Finally! A campaign that focuses on the perpetrator instead of the victim. In November of 2010 Edmonton launched the first Don’t be that Guy Campaign. Now Calgary is following in their footsteps and is launching it here. This week you’ll start to notice some in your face posters, such as the one to the left, on CTrains, buses, in nightclub, and in the universities. The posters are mostly targeting men, and will appear in nightclub and university washrooms, as well as other high traffic sites around town.
The DBTGC is being launched by the ‘Sexual Assault Voices of Calgary’. An organization that seeks to change societal thinking: “We are looking at societal change here, it’s important to remember this is not just a police initiative, this involves so many different organizations” says detective Paul Wyatt of the Calgary Police Service’s Sex Crimes Unit. The partners he is refering to includes: Association of Alberta Sexual Assault Services, Alberta Health Service, Calgary Communities Against Sexual Abuse, Calgary Police Service, Calgary Sexual Health Centre, Canadian Red Cross, Connect Family and Sexual Abuse Network and HomeFront.
The in your face campaign is aimed at Men, 18-24, in order to not only take the onus off the victim but bring men into the conversation about sexual assault. The message that this campaign is trying to get across is clear: “if someone is incapacitated by alcohol or drugs they cannot give consent, and sex without consent is sexual assault.” Police Chief Rick Hanson hopes to push the message home as well “You can no longer hide behind the mistaken belief that it’s okay to use drugs or alcohol,as an excuse, or think because a woman did not give you a ‘no’ answer, that it means ‘yes’.”
On every poster the message ” Sex Without Consent = Sexual assault” appears at the bottom. The SAV website also pushes the message that if you have sex without consent, it’s sexual assault:
” sexual assault is any form of sexual activity forced on someone else without that person’s consent. Force can be physical, or through the use of threats, bullying, manipulation, alcohol/drugs or harassment. Any unwanted sexual activity–including kissing, touching, groping, flashing, oral sex, intercourse, photographing, etc.–under ANY circumstances is sexual assault.”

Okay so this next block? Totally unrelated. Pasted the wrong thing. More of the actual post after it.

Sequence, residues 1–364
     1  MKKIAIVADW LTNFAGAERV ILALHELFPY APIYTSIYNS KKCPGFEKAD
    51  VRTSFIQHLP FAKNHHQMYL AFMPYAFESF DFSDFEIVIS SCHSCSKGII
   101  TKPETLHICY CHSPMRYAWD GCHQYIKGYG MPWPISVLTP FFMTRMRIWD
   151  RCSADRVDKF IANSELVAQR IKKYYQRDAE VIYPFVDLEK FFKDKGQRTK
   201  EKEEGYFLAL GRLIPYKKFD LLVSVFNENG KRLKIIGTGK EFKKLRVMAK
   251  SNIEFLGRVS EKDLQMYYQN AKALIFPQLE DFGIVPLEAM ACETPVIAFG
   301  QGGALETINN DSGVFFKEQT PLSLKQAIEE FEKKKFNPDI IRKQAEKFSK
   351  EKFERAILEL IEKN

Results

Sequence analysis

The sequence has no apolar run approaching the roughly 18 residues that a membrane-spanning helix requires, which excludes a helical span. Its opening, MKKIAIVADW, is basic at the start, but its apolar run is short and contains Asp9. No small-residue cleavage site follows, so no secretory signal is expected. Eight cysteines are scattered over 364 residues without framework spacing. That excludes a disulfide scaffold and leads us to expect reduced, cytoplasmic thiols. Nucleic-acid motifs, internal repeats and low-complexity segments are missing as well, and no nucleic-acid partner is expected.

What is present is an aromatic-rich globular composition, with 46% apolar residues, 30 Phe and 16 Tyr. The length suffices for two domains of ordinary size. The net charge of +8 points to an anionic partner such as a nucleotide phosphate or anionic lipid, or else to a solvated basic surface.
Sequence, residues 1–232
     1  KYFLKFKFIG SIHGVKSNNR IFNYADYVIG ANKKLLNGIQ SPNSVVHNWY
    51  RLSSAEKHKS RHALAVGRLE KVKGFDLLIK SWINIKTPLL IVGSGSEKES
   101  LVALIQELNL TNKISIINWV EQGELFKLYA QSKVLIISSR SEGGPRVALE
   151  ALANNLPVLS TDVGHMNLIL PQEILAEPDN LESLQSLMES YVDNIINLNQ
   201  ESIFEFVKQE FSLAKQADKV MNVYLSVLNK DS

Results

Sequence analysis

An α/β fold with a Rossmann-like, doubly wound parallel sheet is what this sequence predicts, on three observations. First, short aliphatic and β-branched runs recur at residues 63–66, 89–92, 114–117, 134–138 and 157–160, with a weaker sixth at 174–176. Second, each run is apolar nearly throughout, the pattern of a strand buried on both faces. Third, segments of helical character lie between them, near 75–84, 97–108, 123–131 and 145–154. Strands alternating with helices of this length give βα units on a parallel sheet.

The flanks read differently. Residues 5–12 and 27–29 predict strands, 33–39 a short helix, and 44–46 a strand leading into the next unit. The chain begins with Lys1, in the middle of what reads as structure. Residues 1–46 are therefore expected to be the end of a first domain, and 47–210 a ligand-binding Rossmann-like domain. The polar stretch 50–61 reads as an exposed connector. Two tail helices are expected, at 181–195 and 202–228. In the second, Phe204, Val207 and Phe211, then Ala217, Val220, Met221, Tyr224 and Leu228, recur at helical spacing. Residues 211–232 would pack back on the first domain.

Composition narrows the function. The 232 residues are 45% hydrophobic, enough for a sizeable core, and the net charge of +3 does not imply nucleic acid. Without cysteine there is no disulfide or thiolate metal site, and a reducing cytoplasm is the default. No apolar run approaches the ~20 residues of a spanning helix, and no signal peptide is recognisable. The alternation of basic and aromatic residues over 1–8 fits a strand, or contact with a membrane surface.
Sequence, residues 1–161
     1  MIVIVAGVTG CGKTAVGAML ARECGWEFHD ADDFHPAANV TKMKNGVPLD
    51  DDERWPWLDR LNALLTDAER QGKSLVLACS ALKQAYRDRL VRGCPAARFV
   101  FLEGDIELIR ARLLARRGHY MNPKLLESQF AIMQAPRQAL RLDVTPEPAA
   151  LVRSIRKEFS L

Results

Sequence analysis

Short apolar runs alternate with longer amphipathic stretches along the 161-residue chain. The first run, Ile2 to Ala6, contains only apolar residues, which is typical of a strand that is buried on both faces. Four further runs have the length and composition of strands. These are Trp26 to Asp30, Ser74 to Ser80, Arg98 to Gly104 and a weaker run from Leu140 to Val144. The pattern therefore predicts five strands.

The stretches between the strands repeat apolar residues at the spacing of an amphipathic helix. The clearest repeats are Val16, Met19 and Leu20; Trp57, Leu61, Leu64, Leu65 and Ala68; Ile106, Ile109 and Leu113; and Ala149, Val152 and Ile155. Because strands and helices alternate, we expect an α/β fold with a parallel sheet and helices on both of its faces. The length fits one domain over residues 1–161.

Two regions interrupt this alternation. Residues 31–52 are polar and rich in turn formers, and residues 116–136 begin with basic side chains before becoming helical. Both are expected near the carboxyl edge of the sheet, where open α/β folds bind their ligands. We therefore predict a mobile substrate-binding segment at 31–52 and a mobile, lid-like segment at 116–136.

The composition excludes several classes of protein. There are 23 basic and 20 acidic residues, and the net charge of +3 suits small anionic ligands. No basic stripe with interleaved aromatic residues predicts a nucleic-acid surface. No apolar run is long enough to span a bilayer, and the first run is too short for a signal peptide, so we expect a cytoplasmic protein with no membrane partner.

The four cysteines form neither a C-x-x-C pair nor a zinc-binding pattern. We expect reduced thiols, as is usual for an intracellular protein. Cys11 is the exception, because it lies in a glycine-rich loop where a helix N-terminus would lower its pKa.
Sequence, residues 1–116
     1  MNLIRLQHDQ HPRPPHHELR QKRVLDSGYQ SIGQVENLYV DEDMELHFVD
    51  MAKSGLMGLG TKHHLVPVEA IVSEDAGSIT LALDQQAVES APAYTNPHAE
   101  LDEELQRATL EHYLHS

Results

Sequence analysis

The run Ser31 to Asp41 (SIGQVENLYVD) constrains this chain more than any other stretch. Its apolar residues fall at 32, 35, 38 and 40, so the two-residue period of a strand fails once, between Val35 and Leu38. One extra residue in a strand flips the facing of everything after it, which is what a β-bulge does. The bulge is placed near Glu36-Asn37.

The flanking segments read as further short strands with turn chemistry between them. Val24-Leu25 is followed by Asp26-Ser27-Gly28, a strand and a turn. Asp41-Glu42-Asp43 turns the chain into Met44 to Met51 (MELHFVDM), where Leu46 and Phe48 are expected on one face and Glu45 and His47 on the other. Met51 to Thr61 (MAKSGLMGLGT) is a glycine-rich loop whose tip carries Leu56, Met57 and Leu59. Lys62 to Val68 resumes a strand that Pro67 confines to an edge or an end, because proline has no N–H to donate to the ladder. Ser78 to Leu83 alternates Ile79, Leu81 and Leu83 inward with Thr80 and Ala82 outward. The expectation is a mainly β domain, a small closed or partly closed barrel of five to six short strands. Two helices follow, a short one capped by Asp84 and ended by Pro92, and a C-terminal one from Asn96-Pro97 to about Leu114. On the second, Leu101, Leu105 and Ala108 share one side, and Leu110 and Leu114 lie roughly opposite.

The website includes a section that talks about what consent is and what consent is not. For example, it reads: “Consent is simple. Just ask.” and in contrast to that reads: “Consent is not obtained if the person changes her/his mind. And a person can change his or her mind at ANY time.”
The campaign is meant to change the minds of men, reminding them that the fight against sexual assault involves them as well, and if they see it they too need to step up and say something. “This is a multi-scale approach, not only do we want to get the message out there that it’s never the victims fault, you weren’t in the wrong place, you weren’t drinking too much, you weren’t dressed the wrong way. But we want to target those men to tell them that this behaviour is not acceptable. We also want to target the men who are with them. Those who can stand up to their friends and remind them if you do this you are going to go to jail” says Wyatt. Reminding us that this is a community effort. If we see something we need to stand up against it, and once and for all shake this idea that somehow a women brought on her assault because she was wearing a short skirt and high heels.
We put the onus on the victim too much in our community today, sending the message to perpetrators that it is OK, as a result causing more damage to the victim. As a victim of assault I know that we begin to internalize these feelings. You start to feel that maybe it really is your fault, maybe if you hadn’t had that one extra drink, or worn that short skirt, or walked down that dark street alone, or in my case rollerbladed down that dark pathway, it wouldn’t have happened to us. But it does happen to us. “As a community, it is important for us to stand together and say this type of behaviour is not acceptable and the consequences are too great.” says Laurie Blahitka, of Alberta Health Services.
Not only is this a message about consent, consequences, and victim blaming, it’s also a way to bring men into the conversation. It’s about making men part of the solution too. This is so important because if we remain divided, we’ll never win. As a victim, and an advocate I am so glad to see that people are finally starting to realize it’s going to take the cooperation of all kinds of organizations and people to start changing the minds of society.
I will leave you with a great quote from the SAVCalgary website :
If we keep thinking about the sexual abuses and sexual assaults committed by men as a ‘women’s issue’, we’re not going to do much about truly preventing that violence. The women you care about–and your kids–should live and grow up in a society where male violence against women is not acceptable. Not legally, not morally, not socially.